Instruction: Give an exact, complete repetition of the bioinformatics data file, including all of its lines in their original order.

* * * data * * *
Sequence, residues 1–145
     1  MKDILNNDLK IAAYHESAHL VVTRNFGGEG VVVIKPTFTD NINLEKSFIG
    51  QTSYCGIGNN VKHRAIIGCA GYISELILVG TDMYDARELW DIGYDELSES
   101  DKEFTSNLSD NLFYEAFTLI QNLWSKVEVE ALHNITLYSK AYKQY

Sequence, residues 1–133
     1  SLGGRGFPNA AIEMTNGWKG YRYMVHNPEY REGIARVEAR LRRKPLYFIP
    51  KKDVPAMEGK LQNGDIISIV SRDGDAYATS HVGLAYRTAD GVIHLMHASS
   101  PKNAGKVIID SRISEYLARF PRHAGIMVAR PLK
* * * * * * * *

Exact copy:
Sequence, residues 1–145
     1  MKDILNNDLK IAAYHESAHL VVTRNFGGEG VVVIKPTFTD NINLEKSFIG
    51  QTSYCGIGNN VKHRAIIGCA GYISELILVG TDMYDARELW DIGYDELSES
   101  DKEFTSNLSD NLFYEAFTLI QNLWSKVEVE ALHNITLYSK AYKQY

Sequence, residues 1–133
     1  SLGGRGFPNA AIEMTNGWKG YRYMVHNPEY REGIARVEAR LRRKPLYFIP
    51  KKDVPAMEGK LQNGDIISIV SRDGDAYATS HVGLAYRTAD GVIHLMHASS
   101  PKNAGKVIID SRISEYLARF PRHAGIMVAR PLK